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My Little Boy Caught a Marlin
Posted On 01/13/2010 04:06:55 by Aktray

It has been told around campfires and over beers for hundreds of years.  The biggest, most exciting, most challenging fish to have on the end of a line is the legendary marlin.  Guides put pictures of them on their sites to attract customers.  Governments list them as endangered which entices even more desire from those that want the ultimate experience of rod and reel.  Sport fishing boats criss-cross the off-shore waters searching for them – investing thousands of dollars in technology to locate the schools of fish that they feed on.  Praying that one of their clients would happen to hook one and sit in the special seat on the bow with the belt around their waist so they don’t get pulled in as they fight the monster.

Those that are lucky enough to experience this once in a lifetime event pay thousands to have it mounted in their family room where they can talk about the day they landed the big one.  They talk of the 45 minute fight.  The rod bent nearly in half.  The excruciating pain in their right forearm.  Be it said, it is a once in a lifetime event for even the best sportsmen.  Some never get the chance.

My little boy did it at age 7. 

It was off the coast of Cancun back in 2005.  We rented a catamaran with another family we never met before.  The boat was driven by a Mexican that was just glad to be working and making a bit of money from American tourists.  A cheap spare rod with a jig was available for the kids to play with as the adults enjoyed the ride to the “secret beach” for a picnic.

Zach was flinging the jig in and out of the water as the sails filled with wind and we moved out over the waters to our destination.  He didn’t really have a grasp of how the reel worked, but eventually figured out how to cast it out and reel it in.  He had a single-minded determination to work that rod and reel while the rest of us played, talked, laughed, and enjoyed the ride.  Keeping him in the corner of my eye, I even considered telling him to put it down lest he accidentally hook someone onboard.

We were half way on our journey, way out from shore with the sails at full mast.  The bow was flying over the waves enticing yells of excitement from the passengers as it felt like we were getting air.  Luckily, the Mexican gentlemen guiding us on our short journey noticed the rod tip dip.

He knew I was his father and he yelled some Spanish at me and nodded to my son.  I thought he had gotten in trouble, but the guy had a huge grin on his face and repeatedly nodded to Zach.  My son had a full proper fisherman’s grasp on the rod, tucked into his bellybutton.  Left hand grasping the base.  Right hand one and a half feet up grasping the rod.  He was leaning back in the classic stance.  The tip doubled over, the reel whining out line like crazy.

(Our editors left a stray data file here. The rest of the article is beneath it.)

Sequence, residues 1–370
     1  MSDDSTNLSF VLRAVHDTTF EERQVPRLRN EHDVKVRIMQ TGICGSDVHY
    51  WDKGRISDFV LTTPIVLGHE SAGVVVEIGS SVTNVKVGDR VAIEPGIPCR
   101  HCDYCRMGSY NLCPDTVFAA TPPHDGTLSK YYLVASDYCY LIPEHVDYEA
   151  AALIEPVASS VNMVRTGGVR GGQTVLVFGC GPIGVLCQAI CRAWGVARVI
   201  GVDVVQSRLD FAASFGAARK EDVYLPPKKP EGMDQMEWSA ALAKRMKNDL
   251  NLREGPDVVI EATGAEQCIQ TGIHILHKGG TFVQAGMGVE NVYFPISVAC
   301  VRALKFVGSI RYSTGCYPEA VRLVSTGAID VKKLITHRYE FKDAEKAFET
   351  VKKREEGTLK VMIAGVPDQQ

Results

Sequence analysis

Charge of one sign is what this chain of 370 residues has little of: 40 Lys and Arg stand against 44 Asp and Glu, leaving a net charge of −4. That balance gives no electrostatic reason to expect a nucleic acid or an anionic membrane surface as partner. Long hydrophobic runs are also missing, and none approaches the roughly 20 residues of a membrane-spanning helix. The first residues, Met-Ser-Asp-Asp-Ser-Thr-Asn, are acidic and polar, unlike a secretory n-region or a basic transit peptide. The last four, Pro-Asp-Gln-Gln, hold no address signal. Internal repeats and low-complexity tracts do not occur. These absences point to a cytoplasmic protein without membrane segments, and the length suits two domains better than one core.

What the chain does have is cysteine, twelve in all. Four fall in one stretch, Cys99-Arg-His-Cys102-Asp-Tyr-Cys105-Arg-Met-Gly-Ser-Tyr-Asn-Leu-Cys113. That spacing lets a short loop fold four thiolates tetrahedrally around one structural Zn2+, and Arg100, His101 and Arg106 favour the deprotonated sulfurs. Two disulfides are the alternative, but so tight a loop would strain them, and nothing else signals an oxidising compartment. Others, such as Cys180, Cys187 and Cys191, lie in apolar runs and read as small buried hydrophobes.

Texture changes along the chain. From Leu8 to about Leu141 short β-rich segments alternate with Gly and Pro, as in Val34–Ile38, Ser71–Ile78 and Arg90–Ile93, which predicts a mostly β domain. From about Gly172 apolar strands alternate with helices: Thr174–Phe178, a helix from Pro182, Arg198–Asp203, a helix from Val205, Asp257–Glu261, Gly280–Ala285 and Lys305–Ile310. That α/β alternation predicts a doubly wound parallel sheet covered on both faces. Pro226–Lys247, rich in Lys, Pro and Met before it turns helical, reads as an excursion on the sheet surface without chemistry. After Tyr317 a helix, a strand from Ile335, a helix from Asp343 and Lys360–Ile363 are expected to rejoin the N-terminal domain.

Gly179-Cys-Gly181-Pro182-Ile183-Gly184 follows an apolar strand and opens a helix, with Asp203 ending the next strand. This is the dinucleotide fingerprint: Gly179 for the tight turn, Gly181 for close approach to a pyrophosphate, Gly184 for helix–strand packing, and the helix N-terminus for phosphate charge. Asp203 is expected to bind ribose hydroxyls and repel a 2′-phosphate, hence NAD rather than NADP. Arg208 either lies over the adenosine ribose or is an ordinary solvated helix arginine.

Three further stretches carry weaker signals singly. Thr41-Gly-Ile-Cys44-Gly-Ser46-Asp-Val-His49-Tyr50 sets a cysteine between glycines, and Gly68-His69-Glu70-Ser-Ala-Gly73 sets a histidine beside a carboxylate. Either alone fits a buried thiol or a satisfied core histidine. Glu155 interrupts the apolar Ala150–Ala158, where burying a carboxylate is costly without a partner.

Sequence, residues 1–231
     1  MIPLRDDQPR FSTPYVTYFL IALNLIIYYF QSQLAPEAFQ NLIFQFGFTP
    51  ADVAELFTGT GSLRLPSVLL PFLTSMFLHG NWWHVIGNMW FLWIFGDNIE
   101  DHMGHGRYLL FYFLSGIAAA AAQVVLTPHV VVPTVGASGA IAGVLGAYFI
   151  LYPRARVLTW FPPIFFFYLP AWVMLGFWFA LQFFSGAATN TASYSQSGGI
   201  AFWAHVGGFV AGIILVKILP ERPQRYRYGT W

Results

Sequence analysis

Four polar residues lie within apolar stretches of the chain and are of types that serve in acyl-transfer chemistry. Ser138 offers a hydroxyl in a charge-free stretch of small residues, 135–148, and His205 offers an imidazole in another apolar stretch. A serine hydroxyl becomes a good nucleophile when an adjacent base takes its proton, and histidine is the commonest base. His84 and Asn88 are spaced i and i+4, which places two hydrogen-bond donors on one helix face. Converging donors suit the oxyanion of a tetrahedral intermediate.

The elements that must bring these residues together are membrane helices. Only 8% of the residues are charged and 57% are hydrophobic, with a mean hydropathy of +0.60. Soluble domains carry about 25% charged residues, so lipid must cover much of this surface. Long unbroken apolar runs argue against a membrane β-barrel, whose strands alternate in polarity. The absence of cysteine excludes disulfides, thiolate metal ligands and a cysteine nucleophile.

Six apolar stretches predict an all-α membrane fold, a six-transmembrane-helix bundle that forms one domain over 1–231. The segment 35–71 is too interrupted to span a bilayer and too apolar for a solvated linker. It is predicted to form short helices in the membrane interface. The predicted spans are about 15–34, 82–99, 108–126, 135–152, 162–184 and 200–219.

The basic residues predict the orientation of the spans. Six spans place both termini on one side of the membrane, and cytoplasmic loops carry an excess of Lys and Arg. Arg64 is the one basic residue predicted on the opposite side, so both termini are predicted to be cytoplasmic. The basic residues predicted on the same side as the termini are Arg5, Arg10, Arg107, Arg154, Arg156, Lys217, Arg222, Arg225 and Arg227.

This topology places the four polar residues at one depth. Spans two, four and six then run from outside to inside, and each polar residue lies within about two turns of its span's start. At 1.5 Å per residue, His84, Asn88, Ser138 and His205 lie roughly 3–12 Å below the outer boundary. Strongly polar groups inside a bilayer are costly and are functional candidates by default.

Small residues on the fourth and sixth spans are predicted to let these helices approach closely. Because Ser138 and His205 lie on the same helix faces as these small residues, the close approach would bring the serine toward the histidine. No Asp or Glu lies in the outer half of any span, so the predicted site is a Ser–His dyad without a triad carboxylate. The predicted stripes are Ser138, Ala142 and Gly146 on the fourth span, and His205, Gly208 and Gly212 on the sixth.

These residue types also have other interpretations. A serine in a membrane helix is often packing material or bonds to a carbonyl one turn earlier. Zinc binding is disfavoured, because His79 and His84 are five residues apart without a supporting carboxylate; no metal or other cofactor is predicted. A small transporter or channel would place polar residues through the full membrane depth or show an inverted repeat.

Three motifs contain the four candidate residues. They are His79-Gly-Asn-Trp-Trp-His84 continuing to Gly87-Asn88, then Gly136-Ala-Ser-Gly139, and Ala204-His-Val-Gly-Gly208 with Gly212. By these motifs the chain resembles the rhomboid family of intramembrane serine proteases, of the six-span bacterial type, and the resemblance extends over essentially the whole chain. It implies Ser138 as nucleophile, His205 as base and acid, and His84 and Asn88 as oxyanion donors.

I was on the opposite side of the catamaran and couldn’t get to him.  I knew he was about to be yanked into the ocean like a rag doll.  A mix of pride at seeing my son, barely three and a half feet with a huge fish on and fear of knowing he was about to be yanked from the bow.  Another passenger on the boat also saw what was happening.  He just happened to be a big 250 pound college guy and was right next to him.  I couldn’t get to him in time so we nodded to each other.  He knew this was special so he waited until the last minute to grab the rod from his hand.

Bam! The fight was on!  There was no special seat.  No safety belt.  This was a catamaran for families.  My 250 pound friend dug his heels in, leaned back, and raised that rod high!  Both me and my step-dad yelled direction to him.  “Pump the rod!  Reel it in on the down stroke!  Pull up!  Zach stood there with his eyes as wide as frying pans. 

After 20 minutes, Mr. 250 pounds was done in.  His shirt was drenched with sweat.  Exhausted, he passed it to his buddy who was equal in size.

That lasted about 10 minutes.  The fish made a run and dove under the boat.  The tip of the rod bent down and started to dip into the water beside the bow.  Frantic direction yelled by my step-dad to “get low!”.  “Turn this boat around!”, he said to the Mexican, who immediately responded by firing the outboard and circling it around.  The fish then made a run outward and the big dude stood up and let slack.  More yells to keep it tight! 

Just then it happened…  It was like the world stopped and ran in slow motion.  There was no sound from the engine.  No yelling from the passengers.  Complete silence. 

It broke the surface like a torpedo.

The sun glistened from its colorful body.

Its dorsal fin in full expansion as its body cleared the water.

A full two feet above the surface, it hung in the air… easily four feet long from tip to fin.

It seamed like it was there for minutes, then SPLASH!  Sound returned, screams of excitement, cameras clicking, water everywhere.  I looked at Zach who had excitement in his eyes.

After 20 minutes, the guy with the rod passed it back to the other guy who was now rested.  He fought it for another 15 minutes.  I held Zach back in case something unexpected happened.  It took the two men and the Mexican to haul it up on the boat.  The fish was totally exhausted.  It had been a solid hook that wouldn’t break.  Ordinarily these prizes are caught on professional charters and turned back, but this was an unexpected catch on a boat not equipped to handle such things.  The fish had not survived the longer than normal fight.

When we reached our “secret beach”, we filleted it and grilled it over an open fire.  A fitting end to a battle only dreamt about by many a sportsman.  A picture hangs over our mantel of a huge fish and the three tired anglers that brought it in.  My 7 year old boy and two guys we never knew.  May the memory be told over many campfires and beers.




Tags: Marlin Cancun



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